I often use the iPhone as an example of how governments shape markets, because what makes the iPhone ‘smart’ and not stupid is what you can do with it. And yes, everything you can do with an iPhone was government-funded. From the Internet that allows you to surf the Web, to GPS that lets you use Google Maps, to touch screen display and even the SIRI voice activated system —all of these things were funded by Uncle Sam through the Defense Advanced Research Projects Agency (DARPA), NASA, the Navy, and even the CIA!
These agencies are all ’ mission driven’, which matters to their success, including who they are able to hire. The Department of Energy (DoE) was recently run by Steve Chu, a Nobel Prize-winning physicist, who wanted the Advanced Research Projects Agency-Energy (ARPA-E) to do for energy what DARPA did for the Internet. Would he have bothered leaving academia to join the civil service just to ‘fix’ markets? Surely not. That’s boring.
LP: So what Steve Jobs and his team did was not central to the greatness of Apple?
MM: It’s not that Steve Jobs was not a genius—of course he was! But the problem is that the narrative we tell around entrepreneurs like him, Bill Gates or Elon Musk is so unbalanced. We pretend that government at best was important for some infrastructure and basic science behind their empires. We see the new Steve Jobs film, which is based on a 600-page book where not one word mentions any of the public funding behind Apple’s empire. But the real iPhone story — or the story behind biotechnology — reveals a very different narrative in which government-funded research made the most exciting innovations possible. The same could be said of Elon Musk today —Tesla and Space X not only benefit from government-funded basic research through agencies like the DoE and NASA, but they have also, as companies, received high-risk investments by the public sector. Just one example is the $465 million guaranteed loan received by Tesla by the DoE. As recently shown by an LA Times article, the entire Musk empire has received close to $5 billion in direct and indirect support.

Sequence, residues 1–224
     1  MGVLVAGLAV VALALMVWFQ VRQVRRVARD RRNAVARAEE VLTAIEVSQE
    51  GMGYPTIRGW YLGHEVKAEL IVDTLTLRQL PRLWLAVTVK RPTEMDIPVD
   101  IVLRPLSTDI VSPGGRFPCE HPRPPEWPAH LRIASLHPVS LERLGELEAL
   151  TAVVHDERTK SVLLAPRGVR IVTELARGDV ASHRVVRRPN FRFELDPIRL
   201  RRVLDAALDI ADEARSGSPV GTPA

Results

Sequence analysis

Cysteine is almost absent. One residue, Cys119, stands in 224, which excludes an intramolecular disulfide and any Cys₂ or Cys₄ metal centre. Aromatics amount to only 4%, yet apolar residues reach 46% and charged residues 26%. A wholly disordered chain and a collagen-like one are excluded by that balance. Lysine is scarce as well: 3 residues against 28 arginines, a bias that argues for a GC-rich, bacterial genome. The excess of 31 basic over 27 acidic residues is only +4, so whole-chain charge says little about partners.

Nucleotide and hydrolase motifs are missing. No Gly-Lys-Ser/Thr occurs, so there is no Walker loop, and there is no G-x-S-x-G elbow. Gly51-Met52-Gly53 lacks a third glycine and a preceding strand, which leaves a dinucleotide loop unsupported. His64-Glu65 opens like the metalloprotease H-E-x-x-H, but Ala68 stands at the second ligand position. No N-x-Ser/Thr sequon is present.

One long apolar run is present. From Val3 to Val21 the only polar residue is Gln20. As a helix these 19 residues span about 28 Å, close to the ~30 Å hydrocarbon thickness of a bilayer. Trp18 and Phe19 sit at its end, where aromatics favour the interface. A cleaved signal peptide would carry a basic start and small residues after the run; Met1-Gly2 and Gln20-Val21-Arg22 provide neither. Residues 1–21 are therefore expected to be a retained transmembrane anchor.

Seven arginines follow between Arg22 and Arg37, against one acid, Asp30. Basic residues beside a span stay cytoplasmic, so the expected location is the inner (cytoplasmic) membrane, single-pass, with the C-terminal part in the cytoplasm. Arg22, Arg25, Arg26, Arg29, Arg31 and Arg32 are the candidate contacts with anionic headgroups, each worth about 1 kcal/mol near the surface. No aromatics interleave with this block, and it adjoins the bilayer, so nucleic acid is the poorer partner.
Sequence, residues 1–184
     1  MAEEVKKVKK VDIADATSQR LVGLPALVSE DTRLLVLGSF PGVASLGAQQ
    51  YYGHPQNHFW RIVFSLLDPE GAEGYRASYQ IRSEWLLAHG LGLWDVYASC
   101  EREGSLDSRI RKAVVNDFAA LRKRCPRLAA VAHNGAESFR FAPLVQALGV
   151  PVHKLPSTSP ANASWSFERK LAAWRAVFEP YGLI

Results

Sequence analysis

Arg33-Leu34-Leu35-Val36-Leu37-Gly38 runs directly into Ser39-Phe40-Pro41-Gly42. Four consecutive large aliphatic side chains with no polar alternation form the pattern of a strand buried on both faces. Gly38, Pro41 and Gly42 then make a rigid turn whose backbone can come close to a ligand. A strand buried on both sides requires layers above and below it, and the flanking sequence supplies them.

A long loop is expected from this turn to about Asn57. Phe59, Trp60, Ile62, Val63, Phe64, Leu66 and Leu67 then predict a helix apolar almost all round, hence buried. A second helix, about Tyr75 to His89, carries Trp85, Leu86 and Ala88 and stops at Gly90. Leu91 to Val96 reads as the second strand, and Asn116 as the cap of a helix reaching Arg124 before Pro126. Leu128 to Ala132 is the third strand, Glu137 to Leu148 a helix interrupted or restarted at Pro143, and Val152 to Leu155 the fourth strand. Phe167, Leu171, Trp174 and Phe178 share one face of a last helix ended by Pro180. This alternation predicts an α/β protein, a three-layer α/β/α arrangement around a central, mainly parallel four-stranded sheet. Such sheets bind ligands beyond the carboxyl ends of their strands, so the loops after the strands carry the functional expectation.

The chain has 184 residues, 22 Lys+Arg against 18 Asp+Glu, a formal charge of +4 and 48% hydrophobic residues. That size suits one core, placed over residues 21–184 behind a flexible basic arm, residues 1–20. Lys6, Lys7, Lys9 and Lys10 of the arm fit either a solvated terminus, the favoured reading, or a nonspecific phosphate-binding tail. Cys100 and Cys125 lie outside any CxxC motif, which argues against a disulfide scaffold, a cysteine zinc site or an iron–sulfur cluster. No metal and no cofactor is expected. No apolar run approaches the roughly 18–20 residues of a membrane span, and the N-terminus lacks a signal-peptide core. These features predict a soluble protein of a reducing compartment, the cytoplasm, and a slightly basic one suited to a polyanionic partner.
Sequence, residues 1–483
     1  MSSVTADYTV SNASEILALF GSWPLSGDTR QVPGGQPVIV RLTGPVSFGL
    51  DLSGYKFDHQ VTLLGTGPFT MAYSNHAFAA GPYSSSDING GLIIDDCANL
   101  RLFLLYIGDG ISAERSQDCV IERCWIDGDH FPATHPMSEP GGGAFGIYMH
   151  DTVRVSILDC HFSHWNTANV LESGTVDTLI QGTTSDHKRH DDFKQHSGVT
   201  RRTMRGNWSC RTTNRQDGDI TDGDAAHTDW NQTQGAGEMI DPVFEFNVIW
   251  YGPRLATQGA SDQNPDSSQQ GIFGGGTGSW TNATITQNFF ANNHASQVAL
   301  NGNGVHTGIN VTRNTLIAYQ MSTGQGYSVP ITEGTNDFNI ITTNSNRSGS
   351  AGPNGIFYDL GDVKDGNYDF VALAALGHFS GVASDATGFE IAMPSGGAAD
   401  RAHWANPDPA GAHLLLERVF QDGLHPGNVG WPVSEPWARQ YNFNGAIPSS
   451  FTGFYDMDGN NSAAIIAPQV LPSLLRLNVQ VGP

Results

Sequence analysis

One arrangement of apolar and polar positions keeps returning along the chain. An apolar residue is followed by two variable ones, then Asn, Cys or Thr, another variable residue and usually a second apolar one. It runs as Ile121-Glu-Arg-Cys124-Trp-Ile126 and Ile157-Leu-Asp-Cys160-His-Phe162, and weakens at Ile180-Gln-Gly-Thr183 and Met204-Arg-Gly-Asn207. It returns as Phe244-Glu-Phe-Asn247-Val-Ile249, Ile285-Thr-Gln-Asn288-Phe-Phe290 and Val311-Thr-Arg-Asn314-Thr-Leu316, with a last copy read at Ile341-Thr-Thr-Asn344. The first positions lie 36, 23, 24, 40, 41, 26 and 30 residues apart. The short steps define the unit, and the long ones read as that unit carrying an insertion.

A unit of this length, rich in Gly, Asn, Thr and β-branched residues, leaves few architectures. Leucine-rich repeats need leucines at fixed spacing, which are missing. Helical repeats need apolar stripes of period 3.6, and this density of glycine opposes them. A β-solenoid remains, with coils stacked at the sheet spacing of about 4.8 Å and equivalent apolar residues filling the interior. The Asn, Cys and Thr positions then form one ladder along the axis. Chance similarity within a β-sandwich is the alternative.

Do we hear about that? No. Is that ‘story’ helpful for future innovation? No.
LP: You make the case that if taxpayers fund research responsible for the success of many private sector enterprises, then we deserve something back. What might a fairer system of the distribution of rewards look like? Have any countries done better at this than others?
MM: Government support is not only investing in upstream areas like basic research, but also in downstream areas like applied research and early-stage financing for the companies themselves. This means there are great risks.